Every adult should have a will, a healthcare proxy and an advanced medical directive or living will. But there’s no guarantee that when your final days come healthcare providers will follow your wishes. There are a number of reasons for this, but money is a big factor.
End-of-life care is a pot of gold in our modern medical system. Spending on Medicare beneficiaries in their last year of life accounts for about 25 percent of all Medicare spending. In 2011, Medicare spending was almost $554 billion ? 28 percent of which was spent during patients’ last six months of life, according to Kaiser Health News.
My father’s last days weren’t as good as they could have been. The doctors gave us mixed messages, leading us to believe that his life could be extended despite the obvious signs that his body was giving up. But ultimately it became undeniable. Thanks to his healthcare proxy I was able to talk to the doctors and because of his living will I was able to make the decision to switch him to comfort care knowing that was exactly what he wanted.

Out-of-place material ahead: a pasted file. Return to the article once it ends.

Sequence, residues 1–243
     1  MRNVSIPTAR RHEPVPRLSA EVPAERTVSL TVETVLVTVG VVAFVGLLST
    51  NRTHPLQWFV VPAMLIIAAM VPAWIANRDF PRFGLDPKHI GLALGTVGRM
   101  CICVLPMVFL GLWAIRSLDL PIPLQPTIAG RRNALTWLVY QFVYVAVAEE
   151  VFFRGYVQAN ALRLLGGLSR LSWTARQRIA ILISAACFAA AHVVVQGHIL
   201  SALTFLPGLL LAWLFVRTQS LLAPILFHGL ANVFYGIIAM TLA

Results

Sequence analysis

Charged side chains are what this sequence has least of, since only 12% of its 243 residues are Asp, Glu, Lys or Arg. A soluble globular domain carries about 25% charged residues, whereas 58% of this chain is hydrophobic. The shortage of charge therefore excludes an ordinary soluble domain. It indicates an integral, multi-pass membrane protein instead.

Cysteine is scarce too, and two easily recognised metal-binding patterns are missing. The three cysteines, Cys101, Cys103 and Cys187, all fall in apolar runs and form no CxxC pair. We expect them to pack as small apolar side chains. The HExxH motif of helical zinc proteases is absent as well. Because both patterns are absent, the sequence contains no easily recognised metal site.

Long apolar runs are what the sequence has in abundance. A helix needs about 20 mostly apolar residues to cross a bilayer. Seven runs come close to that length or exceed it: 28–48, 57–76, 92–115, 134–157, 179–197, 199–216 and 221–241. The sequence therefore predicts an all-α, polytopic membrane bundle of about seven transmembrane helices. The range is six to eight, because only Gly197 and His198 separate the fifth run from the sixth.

As I have been doing every November since 2013 I’m participating in Movember, growing a moustache to raise money for men’s health. If you’d like to contribute go to http://mobro.co/tommaszerowski.
My dad was still alive when I started in 2013 but was still in the hospital. He would bounce from there to a rehab center and back again until finally passing in January of 2014. Although he was 92, his death came earlier than it should have because he delayed in getting the proper care. If I can get even one guy to go to the doctor when something initially seems wrong I will have considered this a success.
My approach this year is a little different than what I’ve done in the past. I’ve seen criticism of Movember as just a stunt to get yourself attention and that bothered me. I don’t like attention and I really have to force myself to do Movember and communicate on a regular basis. Nevertheless what I’m posting is mostly about health issues and I’m cutting back on the selfies to keep the focus on what it should be on.
In the last couple of years a number of the big packaged food companies have started an effort to remove artificial dyes from their products. This sounds like a pretty good deal, right? For consumers it certainly is but the food companies it’s been a difficult task.